Misplaced optimism from the Bank of England GovernorBy Tom O’Leary
The Bank of England Governor has declared that the UK economic outlook is improving. He may be right in a limited sense. The recorded growth rate of the 1st quarter of just 0.2% may not be as dismal in subsequent quarters. But there is little room in the medium-term outlook for misplaced optimism.
Carney said, “A number of indicators of household spending and sentiment have bounced back strongly from what increasingly appears to have been erratic weakness in Q1. The UK labour market has remained strong, and there is widespread evidence that slack is largely used up. Pay and domestic cost growth have continued to firm broadly as expected. Headline inflation is still expected to rise in the short term because of higher energy prices.”
But this only highlights the misconceptions about the drivers of economic growth and its consequences. The first indicators Carney relies on are Consumption data. But Consumption growth cannot drive economic growth, and is destined to fall back unless production and living standards are rising.
Consumption is a consequence of output, not a contributor to it. The growth in Consumption therefore requires the growth in output. Chart 1 below shows the real GDP growth rate (in blue, on the right-hand scale) alongside the proportion of GDP in real Final Consumption Expenditure (orange, on the left-hand scale).
Over time, in common with most Western economies, in the UK the proportion of GDP directed towards Consumption has grown. The corollary is that the proportion of GDP devoted to Investment has fallen. At the same time, the growth rate of the economy has slowed as the proportion of GDP directed to Consumption has risen and the proportion directed to Investment has fallen.
This apparent correlation between the falling proportion of GDP directed towards Investment is that it is associated with a decline in the growth rate of GDP. Peaks in Consumption are associated with troughs in GDP growth. If we take prolonged periods, such as the build-up to the Great Recession in 2008, this included a rise in the proportion of Consumption in GDP from 81% at the end of the 1990s to a peak of 87.8% in the depth of the recession in 2009.
This impression is confirmed by examining the data statistically. Chart 2 below shows the correlation between GDP growth and the proportion of Final Consumption in GDP. As the chart clearly shows, the correlation is a negative one, with a downward slope. As Final Consumption rises as a proportion of GDP, GDP growth itself slows.
Correlation is not causality. But the data completely belies the notion that economic growth, and the rise in living standards that growth allows, can be driven by rising Consumption over the medium-term.
Instead, the relationship is better understood as the relationship between Consumption and Investment, which both follow output. If output is not consumed, but saved and invested, it lays the basis for further output. However, if all output is consumed, then there is no possibility of increased output, and it will decline over time as capital (the means of production) are themselves consumed in the production process (through wear and tear, dilapidation, and so on). It is the increase in Investment which leads to the development of the means of production, which sustains an increase in production.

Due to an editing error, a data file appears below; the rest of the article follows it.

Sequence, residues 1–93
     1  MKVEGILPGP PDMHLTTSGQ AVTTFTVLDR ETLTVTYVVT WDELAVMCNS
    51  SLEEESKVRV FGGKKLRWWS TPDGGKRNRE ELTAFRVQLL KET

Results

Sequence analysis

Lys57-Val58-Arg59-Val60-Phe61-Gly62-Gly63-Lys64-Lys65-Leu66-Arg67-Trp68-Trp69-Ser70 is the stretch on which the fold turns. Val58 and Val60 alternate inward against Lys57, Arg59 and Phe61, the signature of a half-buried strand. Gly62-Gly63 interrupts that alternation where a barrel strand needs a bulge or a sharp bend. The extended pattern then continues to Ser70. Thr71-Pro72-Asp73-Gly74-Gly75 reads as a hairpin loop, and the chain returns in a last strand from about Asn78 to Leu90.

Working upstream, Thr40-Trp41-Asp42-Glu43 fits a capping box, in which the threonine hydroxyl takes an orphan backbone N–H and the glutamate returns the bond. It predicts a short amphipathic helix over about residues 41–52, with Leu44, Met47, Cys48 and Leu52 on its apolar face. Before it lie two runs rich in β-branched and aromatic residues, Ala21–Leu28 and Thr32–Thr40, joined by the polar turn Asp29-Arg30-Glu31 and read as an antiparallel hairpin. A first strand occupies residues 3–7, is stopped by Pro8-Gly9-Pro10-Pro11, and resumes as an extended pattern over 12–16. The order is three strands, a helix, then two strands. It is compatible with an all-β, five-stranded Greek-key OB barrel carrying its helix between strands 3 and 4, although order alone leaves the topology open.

On this fundamental point, Carney’s assessment is wrong, even if better quarters ahead are possible in terms of GDP compared to the 1st quarter of 2018. Improving household spending and consumer sentiment cannot sustain increased growth over the medium-term.
The decisive factor is Investment. And here, the outlook is very far ‘bouncing back strongly’. Chart 3 below shows the rate of growth in Investment (Gross Fixed Capital Formation).
Investment (GFCF) fell in the 1st quarter of this year compared to the 4th quarter of 2017. Measured on the less erratic basis on yearly comparisons, it has been on a declining trend since the 1st quarter of 2014 and is now just 1.5%.
This Investment weakness and lack of growth in productive capacity is the source of Mark Carney’s other concern of rising price pressures. It is the dearth of Investment which is causing capacity constraints, from which he sees rising inflationary pressures. But even that standard interpretation may be misplaced.
His view that the strength of the labour market is leading to pay pressures is belied by the fact that real earnings growth remains close to zero. The focus on the falling unemployment rate may be misleading, along with the rise in the employment rate, both of which are at levels not seen in a generation or more.
This is because the number of hours worked per week in the economy is stagnating. Chart 4 below shows the total number of hours worked, in millions. The low-point following the recession was 914.4 million hours worked in the 1st quarter of 2010. But it peaked at 1,034.2 million hours in the 2nd quarter of 2017 and has since stagnated.
Although there are more people in work (and fewer unemployed workers) they are working shorter hours. Therefore total hours worked are not increasing. The growth of part-time working, zero hours contracts and perhaps even shorter time for full-time workers do not reinforce the idea of a labour market that is going to produce much higher wages.
The lack of Investment means that the significant creation of jobs over the last period is dominated by lower productivity, lower-paid jobs. It is also at the same time leading to genuine capacity constraints. The Bank of England Governor’s optimism is misplaced. Consumer spending cannot sustain stronger growth over the medium-term. So, the weakness of Investment means that a strong recovery from here is highly unlikely.